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Watership inconsistency and fantasy

I'm re-reading Watership Down. I'd always like how stupid the rabbits are at times, especially about anything mechanical; even comprehending a raft or snare under direct demonstration is an act of near genius. But I'd forgotten Strawberry and the new down warren, talking about roots supporting the roof through strength or carrying weight down to the floor, and leaving blocks of earth to bear loads as well. It makes sense in a way: burrowing is a natural rabbit thing, even if we're talking advanced burrows and males, while rafts and traps aren't It's still bemusing to go from "PEG, WHAT IS PEG?" to "yah, so leave those roots in, they'll be load-bearing pillars, and we can close and open runs for seasonal ventilation"

Same book, different topic: A thread on good "one and done" fantasy included me recommending Watership Down, leading to an argument about whether it's fantasy. I saved one of my posts:

And now that you've provoked me to think about it, Watership seems to fit the traditional modern fantasy mold even better than I thought. Look at the plot: apocalypse, quest by fellowship facing trials, diversion, continued quest, new home, acquisition of 'magical' allies through virtuous behavior, new quest, venture into the land of evil, sidelines of hero's journeys, climactic battle, fulfillment of prophecies... It has a lot in common with the Hobbit or Lord of the Rings, say, and derivatives, which it doesn't with Hundred Years of Solitude, which is a very different story, or non-story even, of people being acted upon, in one place, and changing with generations.

Looking on Wikipedia, it doesn't come out of the modern fantasy tradition, but seems to have roots in the author's WWII experience, plus books he read about rabbits -- fueling what's basically an exercise in worldbuilding and culture design, even the roots of a conlang vocabulary[1] -- and critics see Joseph Campbell, the Odyssey, and Aeneid in it. If it's not fantasy, it shares roots and parallel direction with fantasy.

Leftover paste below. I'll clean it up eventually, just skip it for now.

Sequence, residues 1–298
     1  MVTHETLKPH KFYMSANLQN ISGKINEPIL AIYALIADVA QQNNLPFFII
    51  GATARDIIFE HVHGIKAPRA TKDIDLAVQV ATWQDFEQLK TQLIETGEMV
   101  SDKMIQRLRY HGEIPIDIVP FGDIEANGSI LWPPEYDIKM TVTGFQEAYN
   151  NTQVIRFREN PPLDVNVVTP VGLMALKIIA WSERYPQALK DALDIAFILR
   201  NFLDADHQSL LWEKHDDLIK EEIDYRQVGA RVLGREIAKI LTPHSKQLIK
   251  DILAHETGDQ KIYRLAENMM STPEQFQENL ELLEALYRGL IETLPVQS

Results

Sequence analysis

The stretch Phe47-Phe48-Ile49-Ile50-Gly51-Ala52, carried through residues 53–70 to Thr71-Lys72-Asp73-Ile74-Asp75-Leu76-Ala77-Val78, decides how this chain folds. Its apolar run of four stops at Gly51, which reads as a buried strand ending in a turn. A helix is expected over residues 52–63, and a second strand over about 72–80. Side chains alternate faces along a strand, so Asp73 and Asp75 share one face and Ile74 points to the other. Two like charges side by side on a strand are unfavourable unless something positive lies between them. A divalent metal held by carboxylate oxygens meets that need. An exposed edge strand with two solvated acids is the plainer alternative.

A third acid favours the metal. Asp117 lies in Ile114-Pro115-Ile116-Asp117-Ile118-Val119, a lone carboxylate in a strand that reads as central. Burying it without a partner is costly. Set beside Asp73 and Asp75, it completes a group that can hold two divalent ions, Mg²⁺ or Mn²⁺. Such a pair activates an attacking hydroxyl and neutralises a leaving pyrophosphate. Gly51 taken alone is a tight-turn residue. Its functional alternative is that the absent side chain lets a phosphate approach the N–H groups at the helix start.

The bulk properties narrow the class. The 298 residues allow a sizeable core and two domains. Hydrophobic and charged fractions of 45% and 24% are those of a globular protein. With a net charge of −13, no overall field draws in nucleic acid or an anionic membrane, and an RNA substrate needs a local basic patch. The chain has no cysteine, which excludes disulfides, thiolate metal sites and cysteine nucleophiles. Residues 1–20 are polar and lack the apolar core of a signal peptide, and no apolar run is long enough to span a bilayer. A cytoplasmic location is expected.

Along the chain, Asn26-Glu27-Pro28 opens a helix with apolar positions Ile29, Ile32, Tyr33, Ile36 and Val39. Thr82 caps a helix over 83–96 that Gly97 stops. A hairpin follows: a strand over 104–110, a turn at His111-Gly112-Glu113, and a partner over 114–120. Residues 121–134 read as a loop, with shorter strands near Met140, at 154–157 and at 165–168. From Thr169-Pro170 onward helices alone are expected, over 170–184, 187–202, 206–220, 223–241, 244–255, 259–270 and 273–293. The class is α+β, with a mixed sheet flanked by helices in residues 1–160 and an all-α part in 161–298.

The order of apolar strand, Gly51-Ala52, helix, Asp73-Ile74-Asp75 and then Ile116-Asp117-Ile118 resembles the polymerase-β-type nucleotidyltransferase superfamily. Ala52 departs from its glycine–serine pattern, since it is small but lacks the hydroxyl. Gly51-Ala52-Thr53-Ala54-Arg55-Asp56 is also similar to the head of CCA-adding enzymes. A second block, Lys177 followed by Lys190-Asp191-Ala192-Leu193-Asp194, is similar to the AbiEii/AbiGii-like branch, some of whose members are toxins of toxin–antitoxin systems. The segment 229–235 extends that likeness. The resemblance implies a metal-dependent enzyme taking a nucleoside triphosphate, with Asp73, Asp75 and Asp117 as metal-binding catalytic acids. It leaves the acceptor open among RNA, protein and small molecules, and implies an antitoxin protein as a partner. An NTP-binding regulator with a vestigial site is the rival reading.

http://www.tor.com/blogs/2010/10/rabbit-realism-and-folklore-richard-adamss-watership-down is a good review from this perspective.

[1] So you end up being trained to read "eat shit" in a made-up language in a children's book...

I note Wikipedia calls it "heroic fantasy" straight out, FWIW. And says it's rooted in tales Richard Adams told his daughters, though that said, it's a rather long and sophisticated book for children, with elaborate elegiac language, obscure chapter heading quotations. But then some of that language is reminiscent of Wind in the Willows, and doing similar 'scene painting' work.

I also note, where I hadn't in the post, that the book even has a map, a classic clue of modern fantasy...

I *can* see the Aeneid parallels, loosely. Troy=Sandleford, Carthage or Lotus Eaters=Cowslip's warren, Rome=Watership Down, Latins=Efrafa.

See the comment count unavailable DW comments at http://mindstalk.dreamwidth.org/317107.html#comments


( 3 comments — Leave a comment )
Apr. 17th, 2012 12:16 am (UTC)
I teach Watership right after LOTR: Return of the King in my fantasy class, because damnit, it's fantasy, and damnit, it's great.

re: the peg. I think you're being too hard on the bunnies.
Apr. 17th, 2012 03:15 am (UTC)
Well, Bigwig knew snares from the Owsla, so it's not as magical as the Miracle of the Boat which only Blackberry and Fiver could grasp. You still see Hazel being stumped by something a 6 yo human could understand. Which is part of the charm of the book, it's rabbits being rabbits, not the twee little humans of Wind in the Willows. But then we jump to Strawberry, bunny Vitruvius...
Apr. 18th, 2012 11:20 am (UTC)
...and I note that Bunnies and Burrows is right there in the first generation of games reacting to DnD. I contend that its lack of widespread adoption by gamers comes out of prejudice against non-humanoid protagonists.
( 3 comments — Leave a comment )


Damien Sullivan

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